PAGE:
WHITE RIVER SYSTEM LAKES UPDATE

LITTLE ROCK, Ark., April 25 - The Little Rock District of the U.S. Army Corps of Engineers reports that heavy rains are causing some of its six lakes in the White River basin to rise rapidly, especially Beaver Lake near Rogers, Ark., Table Rock Lake near Branson, Mo., and Clearwater Lake near Piedmont, Mo.

 

The lakes are operating as they should and are reducing flood damage downstream. People who live or work in flood plains below these dams should maintain awareness by monitoring weather and news media. Beaver and Table Rock lakes are expected to approach their flood storage capacities because of rain that has fallen. 

 

When this occurs, and if more heavy rain is forecast, people should decide beforehand whether to move belongings to higher ground. Flows downstream can increase quickly, with perhaps no more than an hour or two notice, and rapidly changing conditions could create even shorter notice.

 

People in at-risk areas should stay in contact with local emergency officials. If larger than normal releases are required from a dam, warnings will go out through local emergency channels. Local officials may not know you require notification unless you have told them so.

 

Conditions at the six White River Basin lakes as of Monday morning were as follows.

                       

Table Rock Lake near Branson, Mo.: The lake elevation Monday morning was

923.5 feet and rising, with 50 percent of the flood storage capacity in use.

The lake can handle 1.75 inches more rain runoff. April rainfall through Monday morning was 10.4 inches. Releases from the spillway and powerhouse will increase today to a total of 30,000 cubic feet per second.

 

Beaver Lake near Rogers, Ark.: The lake was at elevation 1,127 feet Monday morning and rising. About 68 percent of the lake's flood storage capacity was in use. The lake can handle about 1.5 inches more runoff. April rainfall through Monday morning was 11.4 inches. Releases from the spillway and powerhouse will increase today to 20,000 cubic feet per second.

 

Clearwater Lake near Piedmont, Mo.: This morning's elevation was 530 feet and rising. About 29 percent of its flood storage was in use. The project office reported 7.53 inches of rain over the weekend. More heavy rain is forecast. Because of ongoing construction on the Clearwater Dam major rehabilitation project, the Corps is sending geotechnical engineers to monitor the dam during high lake levels. No problems with the dam are being reported.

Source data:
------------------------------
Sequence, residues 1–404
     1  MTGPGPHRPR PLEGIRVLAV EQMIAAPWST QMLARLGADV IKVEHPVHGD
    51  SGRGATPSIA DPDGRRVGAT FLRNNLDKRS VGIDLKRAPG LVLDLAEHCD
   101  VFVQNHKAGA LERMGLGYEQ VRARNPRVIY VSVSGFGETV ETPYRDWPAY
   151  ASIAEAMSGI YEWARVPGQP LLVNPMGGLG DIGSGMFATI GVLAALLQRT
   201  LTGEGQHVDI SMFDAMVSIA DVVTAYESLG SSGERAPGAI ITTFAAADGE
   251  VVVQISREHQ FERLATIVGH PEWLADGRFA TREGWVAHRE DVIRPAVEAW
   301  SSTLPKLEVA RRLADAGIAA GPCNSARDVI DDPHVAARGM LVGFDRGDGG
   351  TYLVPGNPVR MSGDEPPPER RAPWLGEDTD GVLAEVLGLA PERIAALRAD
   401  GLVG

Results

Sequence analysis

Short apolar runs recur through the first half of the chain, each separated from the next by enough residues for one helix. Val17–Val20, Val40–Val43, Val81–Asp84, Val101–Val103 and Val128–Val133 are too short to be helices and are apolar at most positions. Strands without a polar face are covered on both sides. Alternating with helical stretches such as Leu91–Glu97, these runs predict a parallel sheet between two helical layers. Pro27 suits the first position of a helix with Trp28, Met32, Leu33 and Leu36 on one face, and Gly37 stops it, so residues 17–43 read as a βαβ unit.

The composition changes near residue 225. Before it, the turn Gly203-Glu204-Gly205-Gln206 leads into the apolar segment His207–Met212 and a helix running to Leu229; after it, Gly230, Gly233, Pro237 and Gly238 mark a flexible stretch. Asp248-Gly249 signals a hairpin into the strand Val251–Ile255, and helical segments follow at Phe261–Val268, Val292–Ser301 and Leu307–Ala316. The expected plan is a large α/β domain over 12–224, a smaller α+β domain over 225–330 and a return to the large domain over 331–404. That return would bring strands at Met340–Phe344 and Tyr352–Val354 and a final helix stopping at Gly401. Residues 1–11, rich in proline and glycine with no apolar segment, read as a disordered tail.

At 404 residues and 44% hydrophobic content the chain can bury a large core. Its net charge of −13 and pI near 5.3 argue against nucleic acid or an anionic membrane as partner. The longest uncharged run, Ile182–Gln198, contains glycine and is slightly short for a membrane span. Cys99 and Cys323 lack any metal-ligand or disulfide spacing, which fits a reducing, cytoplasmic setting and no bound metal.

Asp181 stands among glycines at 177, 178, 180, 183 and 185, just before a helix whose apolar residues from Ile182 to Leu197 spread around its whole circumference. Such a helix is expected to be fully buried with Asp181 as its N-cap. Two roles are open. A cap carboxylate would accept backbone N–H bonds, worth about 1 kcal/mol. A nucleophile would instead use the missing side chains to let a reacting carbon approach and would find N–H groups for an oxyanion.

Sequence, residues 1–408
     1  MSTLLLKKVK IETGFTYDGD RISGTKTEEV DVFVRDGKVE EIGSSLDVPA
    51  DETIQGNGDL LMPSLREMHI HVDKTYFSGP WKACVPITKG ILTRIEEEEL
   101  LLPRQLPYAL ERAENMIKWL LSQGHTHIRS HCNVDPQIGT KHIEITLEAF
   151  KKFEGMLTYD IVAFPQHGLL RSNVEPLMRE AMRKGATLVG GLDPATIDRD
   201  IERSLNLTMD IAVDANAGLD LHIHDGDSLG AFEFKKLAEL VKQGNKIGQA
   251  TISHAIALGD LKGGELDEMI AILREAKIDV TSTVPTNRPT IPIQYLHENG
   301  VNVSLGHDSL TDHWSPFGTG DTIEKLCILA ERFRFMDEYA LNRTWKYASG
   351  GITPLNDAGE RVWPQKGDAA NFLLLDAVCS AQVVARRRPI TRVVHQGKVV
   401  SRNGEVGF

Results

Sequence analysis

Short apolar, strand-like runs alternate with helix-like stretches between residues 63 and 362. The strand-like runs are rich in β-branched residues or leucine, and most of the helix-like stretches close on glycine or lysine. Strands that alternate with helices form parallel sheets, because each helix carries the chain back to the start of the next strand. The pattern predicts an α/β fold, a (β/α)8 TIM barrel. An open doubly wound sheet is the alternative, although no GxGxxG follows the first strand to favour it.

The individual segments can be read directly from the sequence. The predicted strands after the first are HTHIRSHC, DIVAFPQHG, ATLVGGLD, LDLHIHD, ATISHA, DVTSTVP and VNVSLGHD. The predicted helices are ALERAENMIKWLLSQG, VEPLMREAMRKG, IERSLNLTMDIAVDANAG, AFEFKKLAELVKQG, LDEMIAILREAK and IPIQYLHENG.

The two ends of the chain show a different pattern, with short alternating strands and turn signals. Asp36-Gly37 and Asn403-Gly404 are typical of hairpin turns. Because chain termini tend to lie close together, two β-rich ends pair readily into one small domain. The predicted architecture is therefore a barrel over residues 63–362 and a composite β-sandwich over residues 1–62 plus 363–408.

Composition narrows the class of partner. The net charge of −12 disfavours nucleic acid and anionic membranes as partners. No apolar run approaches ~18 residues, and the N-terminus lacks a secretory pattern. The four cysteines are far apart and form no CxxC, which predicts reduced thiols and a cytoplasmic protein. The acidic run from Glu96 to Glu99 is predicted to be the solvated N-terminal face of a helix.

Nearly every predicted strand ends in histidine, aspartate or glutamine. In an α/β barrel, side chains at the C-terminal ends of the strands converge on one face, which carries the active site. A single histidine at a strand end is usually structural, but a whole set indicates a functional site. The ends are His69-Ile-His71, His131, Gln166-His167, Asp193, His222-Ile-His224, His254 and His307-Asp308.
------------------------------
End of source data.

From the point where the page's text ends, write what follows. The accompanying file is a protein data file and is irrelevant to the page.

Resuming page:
Norfork Lake near Mountain Home, Ark.: The hydropower units are being repaired at the power house, so the Corps is making releases from the dam's spillway gates instead. The releases are comparable to what would go through the powerhouse if the units were operational. The lake was at elevation

562.8 Monday morning and rising, with 34 percent of flood storage capacity in use. The lake can handle about 5 inches more runoff. The gates are being shut back from 4,000 c.f.s. to 1,000 c.f.s., which is equal to average minimum flood control releases (simulates firm power). Total April rainfall through Monday morning was 11.6 inches.

 

Bull Shoals Lake near Mountain Home, Ark.: The lake elevation Monday morning was 664.2 feet and rising, with about 21 percent of the lake's flood storage capacity in use. The lake can handle about 5.8 inches more runoff. Releases at the dam are restricted to firm power. Total April rainfall through Monday morning was 11 inches.

 

Greers Ferry Lake near Heber Springs, Ark.: The lake elevation Monday morning was 462.8 feet and rising, with 5 percent of the lake's flood storage capacity in use. The lake can handle about 14.4 inches more runoff. Total April rainfall through Monday morning was 6.5 inches.

 

Do not rely on rumors. If you have questions about Army Corps of Engineers dams, contact your local Corps office. In addition, information is posted on the Internet at www.swl.usace.army.mil. Click "Water Management" to view various lake and river reports as well as links to the National Weather Service river stage and weather forecasts.

 

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